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Bone grafting can be performed in any area of the body. It is a surgical transplant procedure that involves adding new material to an area where the bone has broken or deteriorated. Over time, the body absorbs the graft material into the existing bone, which is restored to its former strength, shape, and density. Bone grafting may be performed in cosmetic surgery clinics or bone grafting clinics like Summit Oral and Maxillofacial Surgery to improve the shape and contour of your face.

Bone grafting may also be necessary if you intend to receive a dental implant. You need strong bone in your jaw to hold the implant securely in place. If the bone has deteriorated, it may be insufficient to support the post. If this is the case, a graft is performed first to restore and regenerate the jaw bone in preparation for the dental implant. You will have to wait several months after the bone graft is complete before you can receive your dental implant, but many patients feel that the end result is well worth the wait.

Reasons for Decreased Bone Density of the Jaw

Many adults are affected by decreased jaw bone density. To a certain extent, it is normal as you age. However, your jaw bone density can decrease at an abnormally fast rate if certain conditions are present. These conditions include the following:

  • Birth defects
  • Tumors
  • Sinus abnormalities
  • Trauma
  • Periodontal disease

One of the most common causes of jaw bone deterioration is teeth that are missing, whether they have been lost or extracted. Teeth may be extracted due to irreparable damage caused by decay or injury. Many people decide on dental implants to replace teeth that have been extracted or lost due to trauma, but when a tooth is missing, it often causes bone loss. As time goes by, the bone loss can increase and affect the jaw, making a bone graft necessary before a dental implant is possible.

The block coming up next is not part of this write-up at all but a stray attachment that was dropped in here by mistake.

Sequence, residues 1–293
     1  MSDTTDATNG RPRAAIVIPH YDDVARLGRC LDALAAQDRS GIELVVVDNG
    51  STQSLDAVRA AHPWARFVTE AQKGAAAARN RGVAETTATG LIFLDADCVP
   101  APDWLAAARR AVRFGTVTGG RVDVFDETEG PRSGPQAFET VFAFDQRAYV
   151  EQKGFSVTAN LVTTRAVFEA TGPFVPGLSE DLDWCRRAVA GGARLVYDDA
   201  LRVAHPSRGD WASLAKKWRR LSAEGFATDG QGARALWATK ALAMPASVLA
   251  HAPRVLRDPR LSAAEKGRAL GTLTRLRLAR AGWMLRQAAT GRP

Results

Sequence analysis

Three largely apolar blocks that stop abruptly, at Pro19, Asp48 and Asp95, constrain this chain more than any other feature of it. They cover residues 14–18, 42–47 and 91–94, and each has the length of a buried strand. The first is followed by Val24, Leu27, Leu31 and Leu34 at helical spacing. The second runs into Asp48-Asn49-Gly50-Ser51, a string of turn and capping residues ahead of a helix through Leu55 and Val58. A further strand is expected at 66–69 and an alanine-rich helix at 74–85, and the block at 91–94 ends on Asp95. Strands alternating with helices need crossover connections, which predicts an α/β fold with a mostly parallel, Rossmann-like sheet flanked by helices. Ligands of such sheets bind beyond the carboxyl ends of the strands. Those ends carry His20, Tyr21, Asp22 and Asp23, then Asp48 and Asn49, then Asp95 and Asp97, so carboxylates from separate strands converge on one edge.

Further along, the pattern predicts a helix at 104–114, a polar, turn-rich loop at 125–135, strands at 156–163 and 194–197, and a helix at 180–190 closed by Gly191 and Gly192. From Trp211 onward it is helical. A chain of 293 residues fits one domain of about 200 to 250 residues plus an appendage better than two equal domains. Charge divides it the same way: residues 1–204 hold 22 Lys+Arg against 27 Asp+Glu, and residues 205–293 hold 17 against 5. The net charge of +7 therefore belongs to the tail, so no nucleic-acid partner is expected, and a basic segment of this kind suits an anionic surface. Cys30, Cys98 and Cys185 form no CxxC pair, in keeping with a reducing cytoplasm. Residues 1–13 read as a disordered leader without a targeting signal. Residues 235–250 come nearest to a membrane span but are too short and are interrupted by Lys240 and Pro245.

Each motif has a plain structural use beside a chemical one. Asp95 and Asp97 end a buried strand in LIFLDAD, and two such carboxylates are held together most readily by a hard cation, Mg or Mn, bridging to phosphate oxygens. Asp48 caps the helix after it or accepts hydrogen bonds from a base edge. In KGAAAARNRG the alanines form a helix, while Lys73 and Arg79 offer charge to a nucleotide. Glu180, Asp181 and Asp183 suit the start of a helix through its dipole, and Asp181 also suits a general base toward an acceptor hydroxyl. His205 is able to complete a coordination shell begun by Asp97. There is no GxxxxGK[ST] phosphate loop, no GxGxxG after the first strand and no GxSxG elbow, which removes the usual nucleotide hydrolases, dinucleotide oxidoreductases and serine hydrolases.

Types of Bone Grafts

Grafts are categorized based on the type of material they use. Grafting material can be taken from several different sources:

  • Allograft: Bone material taken from a human cadaver
  • Xenograft: Bone material taken from an animal, such as a cow.
  • Alloplast: Synthetic graft material.
  • Autograft: Bone taken from elsewhere within your body.

For autograft of your jaw, your surgeon typically harvests the graft material from the ramus of your mandible. This is the structure that sticks up perpendicularly from the rest of your lower jaw and connects to your skull right in front of your ear.

Each type of graft has its own advantages and disadvantages. For example, autografts have a high rate of success because the bone tissue is taken from your own body, but it requires a second surgical site with the potential to become infected if proper care is not taken. Allografts and xenografts have similar success rates to autografts, while alloplast is rarely performed.

Things To Expect After Bone Graft Surgery

After your bone graft surgery, you will be placed on some dietary restrictions in order to allow your mouth to heal. Specifically, you will only be able to eat soft foods during the healing process. You may also experience uncomfortable side effects after the surgery, which can include the following:

  • Minor bleeding
  • Swelling
  • Bruising of the skin or gums

These effects should dissipate fairly quickly after your surgery. If they do not, you should contact your oral surgeon right away. As with any type of surgery, be sure to follow both the preoperative and postoperative instructions you are given. Doing so will help you recover more quickly and prevent complications.

Specialists in Bone Grafting and Dental Implants

When you think of cosmetic surgery in Michigan, think Summit Oral and Maxillofacial Surgery. Bone grafting may be the first step in restoring your smile with dental implants. For questions or to schedule a consultation, fill out our contact form.